Agenda item

Leeds Safeguarding Adults Board - Progress Report

To receive a report from the Head of Democratic Services which presents a progress report produced on behalf of the Independent Chair of the LSAB for the Scrutiny Board’s consideration.


The Head of Democratic Services submitted a report which introduced a progress report provided to the Scrutiny Board by the Leeds Safeguarding Adults Board (LSAB).  The progress report included reference to the LSAB Annual Report for 2020/2021 and highlighted progress made against its Strategic Plan for 2021/22, as well as sharing some early thinking about its ambitions for 2022/23.


The following were in attendance for this item:


·  Cllr Fiona Venner, Executive Member for Adult and Children’s Social Care and Health Partnerships

·  Richard Jones CBE, Independent Chair of Leeds Safeguarding Adults Board

·  Cath Roff, Director of Adults and Health

·  Victoria Eaton, Director of Public Health

·  Shona McFarlane, Deputy Director Social Work and Social Care Service


The Chair particularly welcomed the attendance of the Independent Chair of the LSAB, Richard Jones CBE.  In introducing this item, the Chair acknowledged the significance of the wording set out as part of the foreword to the LSAB 2020/21 Annual Report and therefore invited the LSAB Chair to relay this to the Board prior to presenting the broader progress report.


In introducing the LSAB progress report, the LSAB Chair highlighted the following:


·  There had been an increased rate of safeguarding referrals made during 2020/21, with 10,917 referrals made (an increase of 12% from 2019/20).

·  When a referral is received by Leeds City Council: Adults & Health, a decision is then made whether to undertake a safeguarding enquiry.  In 2020/21, there were 3286 safeguarding enquiries commenced, which amounts to 30% of all referrals.

·  Such safeguarding enquiries involved one or more of a range of different types of concerns, with the highest proportion involving concerns around neglect and acts of omission (32%); physical abuse (25%) and financial or material abuse (13%).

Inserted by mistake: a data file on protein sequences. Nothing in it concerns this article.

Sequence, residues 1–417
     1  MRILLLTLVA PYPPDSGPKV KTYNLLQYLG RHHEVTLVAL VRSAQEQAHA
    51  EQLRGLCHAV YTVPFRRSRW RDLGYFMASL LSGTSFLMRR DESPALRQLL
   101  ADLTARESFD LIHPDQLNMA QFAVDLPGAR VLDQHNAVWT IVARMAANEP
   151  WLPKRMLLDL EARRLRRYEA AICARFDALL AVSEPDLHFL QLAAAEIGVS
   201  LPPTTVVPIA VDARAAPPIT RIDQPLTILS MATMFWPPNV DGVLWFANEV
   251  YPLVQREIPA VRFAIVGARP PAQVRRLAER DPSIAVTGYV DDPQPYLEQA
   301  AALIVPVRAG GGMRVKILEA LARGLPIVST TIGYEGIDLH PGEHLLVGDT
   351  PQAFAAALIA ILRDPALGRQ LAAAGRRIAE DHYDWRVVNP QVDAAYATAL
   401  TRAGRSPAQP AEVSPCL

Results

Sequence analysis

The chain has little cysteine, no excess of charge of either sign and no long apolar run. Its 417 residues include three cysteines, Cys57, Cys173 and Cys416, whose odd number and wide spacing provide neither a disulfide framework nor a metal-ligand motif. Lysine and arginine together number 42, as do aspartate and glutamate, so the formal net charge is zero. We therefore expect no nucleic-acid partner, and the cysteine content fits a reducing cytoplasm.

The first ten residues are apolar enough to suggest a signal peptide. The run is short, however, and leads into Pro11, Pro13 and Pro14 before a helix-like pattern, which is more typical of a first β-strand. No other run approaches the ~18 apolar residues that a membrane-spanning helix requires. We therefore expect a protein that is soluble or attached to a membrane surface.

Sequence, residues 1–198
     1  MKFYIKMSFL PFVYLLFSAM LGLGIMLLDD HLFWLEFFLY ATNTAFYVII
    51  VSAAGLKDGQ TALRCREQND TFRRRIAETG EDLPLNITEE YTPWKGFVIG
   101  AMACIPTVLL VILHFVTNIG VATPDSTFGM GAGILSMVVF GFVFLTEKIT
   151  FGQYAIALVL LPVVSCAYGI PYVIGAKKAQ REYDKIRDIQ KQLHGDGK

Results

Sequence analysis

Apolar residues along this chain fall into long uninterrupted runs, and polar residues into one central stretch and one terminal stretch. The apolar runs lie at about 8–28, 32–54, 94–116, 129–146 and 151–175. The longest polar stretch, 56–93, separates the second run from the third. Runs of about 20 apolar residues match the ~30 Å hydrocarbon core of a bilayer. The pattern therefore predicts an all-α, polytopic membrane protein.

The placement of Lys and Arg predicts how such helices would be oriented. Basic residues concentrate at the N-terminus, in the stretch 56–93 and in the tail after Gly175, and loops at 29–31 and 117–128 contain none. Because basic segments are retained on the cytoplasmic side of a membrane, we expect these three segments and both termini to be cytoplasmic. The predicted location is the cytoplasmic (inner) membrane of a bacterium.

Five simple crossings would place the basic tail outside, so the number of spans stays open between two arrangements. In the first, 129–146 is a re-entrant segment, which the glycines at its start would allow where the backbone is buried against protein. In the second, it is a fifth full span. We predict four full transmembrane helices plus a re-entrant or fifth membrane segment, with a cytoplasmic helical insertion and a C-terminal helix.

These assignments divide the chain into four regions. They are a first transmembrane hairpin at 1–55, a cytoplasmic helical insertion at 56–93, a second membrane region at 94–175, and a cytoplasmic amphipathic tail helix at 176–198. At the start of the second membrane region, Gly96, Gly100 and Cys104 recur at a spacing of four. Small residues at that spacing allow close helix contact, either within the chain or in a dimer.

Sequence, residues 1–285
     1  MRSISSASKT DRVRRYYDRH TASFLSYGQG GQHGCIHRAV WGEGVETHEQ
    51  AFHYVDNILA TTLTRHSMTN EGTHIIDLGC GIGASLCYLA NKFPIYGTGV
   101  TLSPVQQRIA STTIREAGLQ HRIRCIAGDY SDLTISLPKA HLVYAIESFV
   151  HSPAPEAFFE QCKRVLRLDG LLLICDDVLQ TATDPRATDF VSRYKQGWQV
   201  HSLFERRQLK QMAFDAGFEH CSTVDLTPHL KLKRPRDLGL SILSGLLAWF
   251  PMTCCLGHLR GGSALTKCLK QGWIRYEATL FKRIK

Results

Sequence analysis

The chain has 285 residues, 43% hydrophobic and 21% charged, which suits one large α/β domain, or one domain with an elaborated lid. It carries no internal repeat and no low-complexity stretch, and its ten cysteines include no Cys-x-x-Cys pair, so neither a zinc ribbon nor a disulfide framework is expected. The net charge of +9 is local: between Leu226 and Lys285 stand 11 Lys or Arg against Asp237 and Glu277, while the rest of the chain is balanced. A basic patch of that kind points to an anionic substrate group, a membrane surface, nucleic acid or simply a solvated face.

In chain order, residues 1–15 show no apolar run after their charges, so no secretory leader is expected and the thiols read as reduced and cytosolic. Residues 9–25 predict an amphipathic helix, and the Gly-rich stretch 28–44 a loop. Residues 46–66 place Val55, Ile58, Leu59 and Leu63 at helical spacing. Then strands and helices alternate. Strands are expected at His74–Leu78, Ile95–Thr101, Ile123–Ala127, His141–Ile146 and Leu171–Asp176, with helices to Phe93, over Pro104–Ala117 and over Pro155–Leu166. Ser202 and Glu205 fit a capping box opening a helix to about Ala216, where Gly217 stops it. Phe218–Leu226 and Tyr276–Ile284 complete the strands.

·  During 2020/21, the LSAB sought to reach out across diverse communities in Leeds, to promote awareness of safeguarding and the work of the Board.  This continues to remain a priority.

·  The LSAB is promoting positive images of safeguarding, of the support and help that is available, and the difference it can make to people's lives. These messages are based on citizen-led consultation about what good practice looks like and feels like. This also reflects the Board's commitment to becoming increasingly citizen-led.

·  The LSAB worked with the city’s Community Safety Partnership, Safer Leeds in undertaking a thematic review, conducted under Section 44 (5) of the Care Act 2014, using the LSAB’s powers to conduct a discretionary review, considering the experience of adults who died while living street-based lives in Leeds.

·  The LSAB also published two mandatory Safeguarding Adults Reviews in 2020 concerning Mr and Mrs A and Mr B. The joint action plan that was developed as a result of these two reviews has been a significant focus of the Board’s work in 2020-21 and has enabled the Board to work towards the development of a robust approach to supporting those citizens living in circumstances of harmful self-neglect.

·  It was acknowledged that the LSAB has close working relationships with a range of organisations and networks that enable the Board to work in partnership towards making Leeds a Safe Place for Everyone. Tributes were made to the frontline staff, practitioners and organisations for their extraordinary commitment to support and safeguard people from across communities, particularly during such a difficult period.


The following areas were also discussed during the Board’s consideration of the LSAB progress report:


·  The continual rise in safeguarding referrals and areas of particular concern, such as self-neglect linked to financial hardship.

·  The importance of monitoring practice and activity within care homes, particularly during periods of visiting restrictions linked to infection control and prevention measures.

·  The importance of collaborative working and maximising resources across key services and partners, with particular emphasis around information sharing and ‘Professional Curiosity’.

·  The work being undertaken with communities and partners to ensure people know how to seek help and have the confidence to do so.

·  Establishing appropriate success measures while acknowledging that safeguarding enquiries can take different forms so as to respond effectively to the nature of the risk, the specific circumstances and the person’s desired outcomes.


The Chair thanked everyone for their contributions and acknowledged the continued hard work and commitment of the Leeds Safeguarding Adults Board.


RESOLVED – That the contents of the report and discussions be noted.




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